There is something comic, something mysterious about the Chinese balloon the crossed the US territory. American citizens might have been amused at the news, but American officials were shocked when a white balloon was spotted, overhead, visibly flying over secret weapons sites, before being shot down on February 4 over the coast of South Carolina.
American officials say that the balloon was programmed for intelligence collection and used for spying, and has violated sovereignty of US and many countries. Three other unidentified flying objects were shot down over North American airspace; one in Alaska, one over Canada’s Yukon territory after approval from the Canadian prime minister, and one over Lake Huron in Michigan.
When the US burst the balloon, it was an injury to China’s pride and victory for the US. The China government has argued that the balloon was ‘weather observation craft’ and expressed strong dissatisfaction over America’s ‘overreaction’. In retaliation, China has blamed the US for illegally flying high-altitude balloons at least ten times over the Xinjiang and Tibet regions, without its approval and violating its sovereignty. The blame and counter-blame reflect the sore reality of the tense US-China relations.
Further examination of the debris caused by the balloon burst will reveal more about the mystery and the operation, which the US says is part of a vast aerial surveillance project of China in the southern province of Hainan, which is collecting military information from India, Japan, Philippines, Taiwan and Vietnam.
The US has reacted promptly and added six Chinese entities connected to China’s suspected surveillance balloon programme to an export blacklist as a punitive measure. In the past, America blacklisted a number of Chinese technology companies, including Huawei, on charges of spying with support from allies.
This episode reflects the escalation of tension between the two countries, which will accentuate polarization and add to the political confrontation that has sharpened the clash of superpowers. The dispute has delayed efforts on both sides to mend the relationship, derailed the warm start of the Biden and Xi relationship we saw in Bali during the G-20 meeting in November last year, and prompted the US to call off its visit to China by US Secretary of State Antony Blinken.
There is a continual risk of such small encounters that could ignite a bigger conflict and heighten rivalry. China and the US are lock in horns, drifting towards a cold war. The shooting of the balloon is a test to check whether the two countries will come forward to stop the ongoing confrontation from spiraling into a full-blown conflict.
The balloon controversy has blurred the line between civilian and military activities. Economic links between the two countries – from semiconductors, research and trade to defence – are so varied that many activities fall under suspicion. There have been umpteen points of friction that have jeopardized bilateral relations between the two countries. America’s backing of Taiwan, China’s support of the Russian war in Ukraine, Biden’s efforts to limit China’s access to advanced technologies, China’s claim in the South China Sea, America’s accusation of cybercrime and intellectual property theft on China, and Western talk of human rights violations in Hong Kong and Xinjiang have made the China-US relationship volatile and unpredictable.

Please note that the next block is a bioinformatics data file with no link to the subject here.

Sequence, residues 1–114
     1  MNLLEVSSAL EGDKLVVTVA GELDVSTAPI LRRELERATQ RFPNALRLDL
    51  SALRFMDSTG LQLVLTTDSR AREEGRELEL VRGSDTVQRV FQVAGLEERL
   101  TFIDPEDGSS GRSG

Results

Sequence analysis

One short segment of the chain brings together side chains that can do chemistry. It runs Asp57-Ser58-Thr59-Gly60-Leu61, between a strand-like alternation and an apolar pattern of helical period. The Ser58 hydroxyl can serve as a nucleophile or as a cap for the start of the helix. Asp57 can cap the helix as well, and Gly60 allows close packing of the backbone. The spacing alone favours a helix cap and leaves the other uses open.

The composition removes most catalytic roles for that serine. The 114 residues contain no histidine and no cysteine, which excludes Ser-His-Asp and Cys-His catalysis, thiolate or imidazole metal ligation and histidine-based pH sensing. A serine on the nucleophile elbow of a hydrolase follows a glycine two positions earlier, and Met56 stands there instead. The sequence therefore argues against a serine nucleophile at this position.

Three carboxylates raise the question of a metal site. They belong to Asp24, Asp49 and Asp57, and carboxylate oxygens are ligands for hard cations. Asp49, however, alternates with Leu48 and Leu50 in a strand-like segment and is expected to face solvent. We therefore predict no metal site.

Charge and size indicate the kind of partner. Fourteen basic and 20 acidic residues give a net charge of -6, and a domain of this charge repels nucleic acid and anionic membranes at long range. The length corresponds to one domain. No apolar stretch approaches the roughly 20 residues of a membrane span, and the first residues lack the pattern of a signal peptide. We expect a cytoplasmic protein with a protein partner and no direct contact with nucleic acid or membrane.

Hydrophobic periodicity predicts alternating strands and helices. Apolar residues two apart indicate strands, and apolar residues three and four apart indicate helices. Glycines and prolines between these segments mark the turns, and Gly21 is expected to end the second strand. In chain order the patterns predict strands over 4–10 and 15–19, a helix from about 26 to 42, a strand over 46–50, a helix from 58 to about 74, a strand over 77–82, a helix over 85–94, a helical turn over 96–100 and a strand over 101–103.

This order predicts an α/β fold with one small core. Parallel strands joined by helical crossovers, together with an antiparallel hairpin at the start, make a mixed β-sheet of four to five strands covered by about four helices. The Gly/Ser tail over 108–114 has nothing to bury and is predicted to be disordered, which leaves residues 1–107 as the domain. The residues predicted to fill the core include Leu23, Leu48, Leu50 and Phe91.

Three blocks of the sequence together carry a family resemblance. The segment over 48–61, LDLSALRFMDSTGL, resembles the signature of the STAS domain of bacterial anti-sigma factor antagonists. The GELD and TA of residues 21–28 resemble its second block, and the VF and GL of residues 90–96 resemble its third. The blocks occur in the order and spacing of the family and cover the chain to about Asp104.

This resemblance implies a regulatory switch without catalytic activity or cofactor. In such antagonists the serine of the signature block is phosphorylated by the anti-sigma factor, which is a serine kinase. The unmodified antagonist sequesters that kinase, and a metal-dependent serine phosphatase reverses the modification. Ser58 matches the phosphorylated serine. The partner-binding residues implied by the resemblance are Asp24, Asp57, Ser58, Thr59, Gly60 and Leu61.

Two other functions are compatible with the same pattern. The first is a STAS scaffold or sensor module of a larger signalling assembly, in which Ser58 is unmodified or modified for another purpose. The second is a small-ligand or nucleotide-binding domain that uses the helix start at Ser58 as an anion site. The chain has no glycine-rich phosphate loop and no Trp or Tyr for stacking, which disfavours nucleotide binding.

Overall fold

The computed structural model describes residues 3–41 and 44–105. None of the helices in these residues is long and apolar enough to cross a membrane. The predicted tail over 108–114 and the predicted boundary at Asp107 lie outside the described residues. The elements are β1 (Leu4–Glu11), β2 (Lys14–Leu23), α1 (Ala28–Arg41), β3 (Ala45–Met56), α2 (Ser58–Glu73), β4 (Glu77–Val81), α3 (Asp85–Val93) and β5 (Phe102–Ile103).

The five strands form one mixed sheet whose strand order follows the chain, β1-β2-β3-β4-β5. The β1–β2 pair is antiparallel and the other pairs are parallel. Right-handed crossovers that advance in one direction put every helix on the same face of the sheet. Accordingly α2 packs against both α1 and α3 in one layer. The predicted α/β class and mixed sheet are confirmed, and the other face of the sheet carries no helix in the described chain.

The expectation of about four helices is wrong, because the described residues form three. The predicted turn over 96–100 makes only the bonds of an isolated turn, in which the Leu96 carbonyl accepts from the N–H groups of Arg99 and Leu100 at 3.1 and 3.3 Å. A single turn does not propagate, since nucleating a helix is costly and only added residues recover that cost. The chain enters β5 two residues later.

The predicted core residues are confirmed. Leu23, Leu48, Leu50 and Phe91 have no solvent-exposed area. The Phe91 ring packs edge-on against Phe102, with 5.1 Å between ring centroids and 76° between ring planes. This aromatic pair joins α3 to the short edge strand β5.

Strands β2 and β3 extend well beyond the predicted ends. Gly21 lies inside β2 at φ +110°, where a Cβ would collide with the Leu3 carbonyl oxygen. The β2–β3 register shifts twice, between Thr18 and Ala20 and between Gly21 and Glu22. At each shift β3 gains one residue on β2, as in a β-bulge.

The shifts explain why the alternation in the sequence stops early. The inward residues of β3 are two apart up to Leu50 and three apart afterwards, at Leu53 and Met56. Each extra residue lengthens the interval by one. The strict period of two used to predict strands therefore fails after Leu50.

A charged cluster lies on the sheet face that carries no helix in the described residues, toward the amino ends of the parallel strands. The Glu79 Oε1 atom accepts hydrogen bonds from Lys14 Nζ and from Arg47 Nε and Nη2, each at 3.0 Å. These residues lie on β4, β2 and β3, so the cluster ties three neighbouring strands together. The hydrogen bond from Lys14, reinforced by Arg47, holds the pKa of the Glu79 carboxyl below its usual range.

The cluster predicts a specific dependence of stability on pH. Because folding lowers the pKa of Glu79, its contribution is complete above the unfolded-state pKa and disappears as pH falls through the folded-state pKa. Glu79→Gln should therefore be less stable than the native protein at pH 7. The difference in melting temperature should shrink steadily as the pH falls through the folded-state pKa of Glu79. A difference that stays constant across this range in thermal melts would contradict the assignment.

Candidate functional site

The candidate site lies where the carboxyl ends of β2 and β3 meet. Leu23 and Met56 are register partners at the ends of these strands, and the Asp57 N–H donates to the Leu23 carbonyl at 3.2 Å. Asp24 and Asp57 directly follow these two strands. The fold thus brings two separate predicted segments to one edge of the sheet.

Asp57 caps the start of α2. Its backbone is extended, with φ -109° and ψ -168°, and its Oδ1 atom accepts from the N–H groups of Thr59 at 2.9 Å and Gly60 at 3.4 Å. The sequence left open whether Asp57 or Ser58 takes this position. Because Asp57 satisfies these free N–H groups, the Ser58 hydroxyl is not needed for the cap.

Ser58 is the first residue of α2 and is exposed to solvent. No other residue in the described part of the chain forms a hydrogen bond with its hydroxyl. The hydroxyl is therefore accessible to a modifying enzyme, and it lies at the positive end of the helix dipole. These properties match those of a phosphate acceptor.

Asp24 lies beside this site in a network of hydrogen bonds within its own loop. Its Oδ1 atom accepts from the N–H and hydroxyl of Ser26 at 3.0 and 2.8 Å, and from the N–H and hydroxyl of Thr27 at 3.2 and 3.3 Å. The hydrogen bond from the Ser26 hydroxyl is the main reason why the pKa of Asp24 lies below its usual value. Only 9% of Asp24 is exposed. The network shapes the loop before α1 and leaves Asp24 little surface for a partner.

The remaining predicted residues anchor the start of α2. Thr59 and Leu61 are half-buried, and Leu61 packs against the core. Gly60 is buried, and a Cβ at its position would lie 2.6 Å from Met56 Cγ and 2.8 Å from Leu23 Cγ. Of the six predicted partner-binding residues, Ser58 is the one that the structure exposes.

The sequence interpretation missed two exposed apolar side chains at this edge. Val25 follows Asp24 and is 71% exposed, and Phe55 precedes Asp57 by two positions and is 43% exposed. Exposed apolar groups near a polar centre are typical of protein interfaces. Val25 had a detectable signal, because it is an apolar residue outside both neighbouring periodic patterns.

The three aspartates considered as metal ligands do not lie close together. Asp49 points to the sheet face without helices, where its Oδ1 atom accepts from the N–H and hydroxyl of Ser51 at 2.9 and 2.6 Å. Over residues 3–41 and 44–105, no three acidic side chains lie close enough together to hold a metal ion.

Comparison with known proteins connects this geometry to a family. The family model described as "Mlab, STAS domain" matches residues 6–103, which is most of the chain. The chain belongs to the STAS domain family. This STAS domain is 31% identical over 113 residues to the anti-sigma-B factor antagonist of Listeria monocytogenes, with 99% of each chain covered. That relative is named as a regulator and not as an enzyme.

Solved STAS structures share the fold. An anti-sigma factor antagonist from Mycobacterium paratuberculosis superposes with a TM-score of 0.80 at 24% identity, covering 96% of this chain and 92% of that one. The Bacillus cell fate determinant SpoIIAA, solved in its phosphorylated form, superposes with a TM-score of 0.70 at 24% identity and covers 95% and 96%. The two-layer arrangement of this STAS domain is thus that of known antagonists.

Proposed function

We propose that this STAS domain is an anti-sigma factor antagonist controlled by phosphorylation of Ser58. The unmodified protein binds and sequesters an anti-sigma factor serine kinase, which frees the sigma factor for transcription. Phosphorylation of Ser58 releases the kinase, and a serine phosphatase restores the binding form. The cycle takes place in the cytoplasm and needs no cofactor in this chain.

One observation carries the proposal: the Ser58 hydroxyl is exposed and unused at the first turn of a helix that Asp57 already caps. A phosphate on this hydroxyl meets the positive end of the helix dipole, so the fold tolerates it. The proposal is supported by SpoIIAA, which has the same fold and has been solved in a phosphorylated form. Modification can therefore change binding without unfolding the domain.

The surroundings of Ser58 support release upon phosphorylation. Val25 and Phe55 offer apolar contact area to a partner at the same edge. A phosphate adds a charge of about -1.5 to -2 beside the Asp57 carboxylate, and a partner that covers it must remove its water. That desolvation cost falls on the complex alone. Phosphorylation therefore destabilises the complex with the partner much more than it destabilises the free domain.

Followed by brief warming in Bali, relations between the two countrieshave nosedived again. Blinken has warned that China must not repeat the ‘irresponsible’ act of sending a balloon over US airspace while Chinese diplomat Wang has said that America’s reaction of shooting down the balloon has damaged the two countries’ relations. General Bradley Saltzman US Chief of Space Operations has singled out China as the “most challenging threat” in space followed by Russia. These words carry more weight, given the surging US-China tensions highlighted by stern exchanges by the two countries over the suspected balloon.
The recent events have led to several questions that will set the course of this dispute: what will be the result of the investigation? What will the inspection of debris reflect? Will the US agree to return the debris on insistence of China? Will there be a threat of reciprocal action? The answers to these questions will define the nature of relationship in the future, which has been badly fractured and disoriented.
Trade between China and the US – as per a report by ‘The Economist’ – is about $2 billion a day. There is a need for crisis management for the sake of commercial and economic linkages. As China’s appetite for global supremacy grows – a direct challenge to American dominance – there are probabilities of more clashes and accidents that could spiral out of control. To avoid perilous situation there should be more diplomatic and military accords and both countries should talk more.
The writer holds an LLM degree in international economic law from the University of Warwick. She can be reached at: email@example.com
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